Dying senior to face judge in right-to-die case

Michael Mui, QMI Agency

, Last Updated: 3:37 AM ET

VANCOUVER - Senior Gloria Taylor is confined to a wheelchair and has lost the ability to walk, but she's determined to appear in B.C. Supreme Court Thursday to fight for her right to die.

Taylor, 63, who has Lou Gehrig's disease, won't be taking the stand, however. Her testimony in support of legalizing assisted suicide is included in one of more than 100 affidavits filed to Justice Lynn Smith.

Lawyers for both sides are beginning final arguments in the case challenging the laws on assisted suicide. It's expected to wrap up Dec. 16 with a decision early next year.

"I'm wanting to be there so the judge can put a face to a name. So she knows I'm a real person, not just a piece of paper that says who I am," said a frail Taylor, who is appearing in court for the first time since the case started several weeks ago. "That's really important to me," she said.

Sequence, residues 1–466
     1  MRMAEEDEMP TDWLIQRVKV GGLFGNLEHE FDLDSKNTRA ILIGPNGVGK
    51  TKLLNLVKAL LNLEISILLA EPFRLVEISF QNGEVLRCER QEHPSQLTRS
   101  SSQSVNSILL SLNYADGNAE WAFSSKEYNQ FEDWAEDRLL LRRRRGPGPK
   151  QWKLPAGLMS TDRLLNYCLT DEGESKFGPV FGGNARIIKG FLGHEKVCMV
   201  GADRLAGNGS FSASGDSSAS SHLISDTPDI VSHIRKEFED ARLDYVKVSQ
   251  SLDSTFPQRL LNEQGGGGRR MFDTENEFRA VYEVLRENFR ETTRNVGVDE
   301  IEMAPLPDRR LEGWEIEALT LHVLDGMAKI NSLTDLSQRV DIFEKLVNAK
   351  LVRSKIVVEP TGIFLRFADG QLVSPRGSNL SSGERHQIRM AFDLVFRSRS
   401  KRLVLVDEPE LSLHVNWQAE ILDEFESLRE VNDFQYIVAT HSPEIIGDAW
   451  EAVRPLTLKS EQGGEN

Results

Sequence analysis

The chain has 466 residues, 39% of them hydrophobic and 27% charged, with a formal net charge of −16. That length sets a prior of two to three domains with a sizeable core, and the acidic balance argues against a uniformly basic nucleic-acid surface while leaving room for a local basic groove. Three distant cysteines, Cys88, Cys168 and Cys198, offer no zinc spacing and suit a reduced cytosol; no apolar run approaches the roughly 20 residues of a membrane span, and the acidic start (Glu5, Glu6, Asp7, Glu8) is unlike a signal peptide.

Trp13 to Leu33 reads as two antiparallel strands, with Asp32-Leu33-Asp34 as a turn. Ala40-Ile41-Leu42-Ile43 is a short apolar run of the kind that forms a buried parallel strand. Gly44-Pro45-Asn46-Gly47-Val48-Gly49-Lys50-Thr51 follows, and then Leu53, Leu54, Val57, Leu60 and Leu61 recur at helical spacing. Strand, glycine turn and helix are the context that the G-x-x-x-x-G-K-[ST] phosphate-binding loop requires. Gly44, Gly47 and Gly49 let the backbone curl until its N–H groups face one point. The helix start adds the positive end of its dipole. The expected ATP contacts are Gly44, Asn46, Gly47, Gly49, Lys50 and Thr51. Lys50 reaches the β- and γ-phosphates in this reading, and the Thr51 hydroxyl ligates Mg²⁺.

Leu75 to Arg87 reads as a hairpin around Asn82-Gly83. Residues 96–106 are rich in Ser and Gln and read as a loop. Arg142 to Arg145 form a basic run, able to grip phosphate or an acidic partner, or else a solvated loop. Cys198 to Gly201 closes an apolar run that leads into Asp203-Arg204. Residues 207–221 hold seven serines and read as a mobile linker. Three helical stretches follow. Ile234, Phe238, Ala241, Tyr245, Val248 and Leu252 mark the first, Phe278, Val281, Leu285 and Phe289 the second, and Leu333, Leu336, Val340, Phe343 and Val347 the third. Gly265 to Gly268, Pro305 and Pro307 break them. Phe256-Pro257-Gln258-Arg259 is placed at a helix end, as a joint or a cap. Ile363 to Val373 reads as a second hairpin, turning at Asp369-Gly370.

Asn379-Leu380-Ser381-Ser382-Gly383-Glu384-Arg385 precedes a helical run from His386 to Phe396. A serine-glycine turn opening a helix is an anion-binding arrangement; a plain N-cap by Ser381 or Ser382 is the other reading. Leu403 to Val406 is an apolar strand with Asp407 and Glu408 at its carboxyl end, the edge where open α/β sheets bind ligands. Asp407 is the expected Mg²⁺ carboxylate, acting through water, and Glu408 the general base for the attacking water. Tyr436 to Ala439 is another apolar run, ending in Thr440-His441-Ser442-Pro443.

The Westbank, B.C., resident said it's now impossible for her to walk without help.

Twice a day, support workers help her bathe, brush her teeth and even put her to bed with a respirator so she doesn't suffocate in her sleep.

"I fear I will eventually suffocate and die, struggling for air, like a fish out of water," Taylor said.

Previously, the judge heard testimony from doctors, philosophers, medical ethicists and other experts.

"The evidence is very dense in this case, it's a lot of expert evidence having to do with the various jurisdictions," B.C. Civil Liberties Association lawyer Sheila Tucker said. "I think it was helpful to the courts to know who the experts are."


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